Machine learning’s ability to process massive data and identify complex patterns is of great importance when it comes to solving challenging problems of LifeScience and Pharma, where data and accuracy is the key. In this blog post, we want to take a closer look at real-life examples of successful machine learning solutions for Pharma and LifeScience companies.
Automation in labs is nothing new since the introduction of robotics decades ago. However, AI adoption brings laboratory robotics to the new level by eliminating or reducing the need for human control over the processes, easily scaling operations and eventually simplifying the work behind complex biological tests to a few mouse clicks.
One of the examples of machine learning application in labs is plate reading with the help of computer vision for more accurate and faster microbiological analysis. Machine learning algorithms can classify and identify the number of bacterial cultures grown on a Petri dish without the need to involve a lab specialist.
Our R&D team is currently working on the plate reading solution for industrial labs. In cooperation with microbiology experts, we are preparing a database of carefully described photos of Petri dishes with specific species of bacteria. At the moment we have a database of over 10.000 images, which allows us to accurately classify and count the most common types of bacteria in Pharma. As we plan to gather 20.000 images we will continue to work on widening the range of bacterial species that our solution can recognize.
Assisted Diagnosis & Personalised Treatment
Due to strict regulations in medicine, fully AI-powered diagnostics and ‘robodocs’ still belong to sci-fi plots. However, machine learning algorithms already help in analytics and diagnoses establishment, as well as treatment schemes design.
One of the biggest players in this area is IBM Watson Genomics from Quest Diagnostics which uses machine learning and Big Data to uncover personalised cancer treatment options. The system compares a patient’s genome sequence with massive amounts of information from clinical, scientific and pharmacological databases in order to pick the best matching therapy for particular tumour mutations of the patient. The results are then reviewed by a pathologist before being sent to the patient or relevant doctor.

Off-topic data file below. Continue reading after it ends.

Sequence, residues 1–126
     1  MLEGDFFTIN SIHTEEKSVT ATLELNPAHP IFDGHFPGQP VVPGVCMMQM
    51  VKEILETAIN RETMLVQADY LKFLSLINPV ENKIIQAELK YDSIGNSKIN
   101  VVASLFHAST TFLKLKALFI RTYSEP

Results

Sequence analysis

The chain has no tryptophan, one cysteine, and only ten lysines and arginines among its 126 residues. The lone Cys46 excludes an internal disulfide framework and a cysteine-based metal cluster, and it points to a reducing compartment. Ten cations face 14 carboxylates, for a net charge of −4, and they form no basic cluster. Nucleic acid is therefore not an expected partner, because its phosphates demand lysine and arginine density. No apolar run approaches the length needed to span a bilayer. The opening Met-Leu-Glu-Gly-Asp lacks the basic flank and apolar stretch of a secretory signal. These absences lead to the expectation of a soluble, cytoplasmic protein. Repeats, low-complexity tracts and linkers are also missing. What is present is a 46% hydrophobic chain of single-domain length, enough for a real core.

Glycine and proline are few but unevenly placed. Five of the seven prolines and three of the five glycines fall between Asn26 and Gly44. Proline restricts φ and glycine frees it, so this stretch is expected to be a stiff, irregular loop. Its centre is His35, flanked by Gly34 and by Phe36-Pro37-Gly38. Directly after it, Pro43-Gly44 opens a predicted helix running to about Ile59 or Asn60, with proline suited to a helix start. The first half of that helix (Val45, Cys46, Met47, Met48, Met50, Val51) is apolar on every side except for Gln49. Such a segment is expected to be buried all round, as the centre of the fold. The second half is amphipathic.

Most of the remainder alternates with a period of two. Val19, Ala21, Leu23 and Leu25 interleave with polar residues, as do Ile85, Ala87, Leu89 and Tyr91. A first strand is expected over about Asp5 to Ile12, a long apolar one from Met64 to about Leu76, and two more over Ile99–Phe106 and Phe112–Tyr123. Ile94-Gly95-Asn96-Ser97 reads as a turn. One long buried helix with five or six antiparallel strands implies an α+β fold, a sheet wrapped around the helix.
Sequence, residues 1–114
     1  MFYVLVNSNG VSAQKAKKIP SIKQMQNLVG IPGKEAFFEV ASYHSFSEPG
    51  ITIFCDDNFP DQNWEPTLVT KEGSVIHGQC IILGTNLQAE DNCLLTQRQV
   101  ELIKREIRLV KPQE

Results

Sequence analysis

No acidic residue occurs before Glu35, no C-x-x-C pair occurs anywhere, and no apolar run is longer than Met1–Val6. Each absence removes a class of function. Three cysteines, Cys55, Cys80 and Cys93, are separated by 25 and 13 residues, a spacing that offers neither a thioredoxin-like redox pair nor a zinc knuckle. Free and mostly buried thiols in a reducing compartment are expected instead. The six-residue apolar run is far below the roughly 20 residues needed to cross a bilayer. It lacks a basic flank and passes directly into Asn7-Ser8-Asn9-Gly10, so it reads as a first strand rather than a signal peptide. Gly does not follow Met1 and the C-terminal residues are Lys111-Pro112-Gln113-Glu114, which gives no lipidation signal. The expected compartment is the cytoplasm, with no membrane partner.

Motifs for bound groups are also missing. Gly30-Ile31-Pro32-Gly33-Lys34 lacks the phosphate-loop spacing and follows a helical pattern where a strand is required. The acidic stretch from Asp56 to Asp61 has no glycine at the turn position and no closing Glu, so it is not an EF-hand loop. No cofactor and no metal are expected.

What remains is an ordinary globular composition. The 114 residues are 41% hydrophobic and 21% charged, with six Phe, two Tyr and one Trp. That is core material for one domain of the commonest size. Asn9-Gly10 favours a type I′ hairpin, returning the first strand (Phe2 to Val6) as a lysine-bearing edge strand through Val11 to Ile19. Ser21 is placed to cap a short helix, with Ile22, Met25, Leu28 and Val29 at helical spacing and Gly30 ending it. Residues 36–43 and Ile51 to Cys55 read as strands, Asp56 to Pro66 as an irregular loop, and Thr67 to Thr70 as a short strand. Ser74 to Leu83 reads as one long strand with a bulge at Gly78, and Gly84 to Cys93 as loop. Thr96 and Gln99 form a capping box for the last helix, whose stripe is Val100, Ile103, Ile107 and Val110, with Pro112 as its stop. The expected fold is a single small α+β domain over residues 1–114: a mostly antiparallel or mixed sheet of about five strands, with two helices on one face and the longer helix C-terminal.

Another example here is a UK-based company Kheiron Medical Technologies that utilizes computer vision to support breast screening and determine breast cancer earlier. Their solution analyses mammogram images (which are often hard to read by a human eye, and thus prone to false analysis results) and provides radiologists with necessary data to reach a diagnosis faster and more accurately.
A similar approach, but at a wider scope, is taken by Wrocław-based Cancer Center. With the help of machine learning the team at Cancer Center developed a dedicated algorithm that analyzes medical images for oncology and radiology for faster and better than human accuracy.
Drug Discovery & Manufacture
It’s not a secret that drug discovery is enormously expensive and time-consuming due to highly qualified specialists needed to be involved and long-running clinical trials that must be performed on a wide scale. Machine learning potential promises to make this process cheaper, faster and more effective.
IBM Watson is one of the leaders in this field with its cognitive platform for identifying new drugs and repurposing existing ones, used by Pfizer for immuno-oncology drugs search. Other top pharma companies (Roche, Sanofi) also cooperate or establish their own subsidiaries that utilize AI algorithms for pharmaceutical research.
Besides traditional pharma giants, due to the big pie at stake, in recent years the market got oversaturated with drug discovery startups. One of the prominent ones is a Canadian company BenchSci with its AI-assisted antibody selection solution, that accelerates the drug discovery process by providing researchers with data about antibody usage. Users can perform a search by easily entering a query (protein, gene, or clone ID) in the system’s search bar. The application then displays links to all the information about antibodies that have been proven to work with the possibility to apply various filters to them.
Reportedly, the BenchSci’s machine learning model that lies in the base of their solution has been trained on 5.1 million antibody products, over 3 million vendor-supplied figures, and 45,000 figures from third-party validators. The data was cross-referenced with over 9 million scientific publications.
The BenchSci’s solution is being used by such companies as Janssen, Pfizer, GSK etc. They also offer free access for students and researchers at academic, government, and nonprofit institutions.
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We hope you enjoyed reading. To learn more about the commercial application of AI and machine learning keep an eye on our R&D teams’ findings or get in touch with us for more tailored recommendations.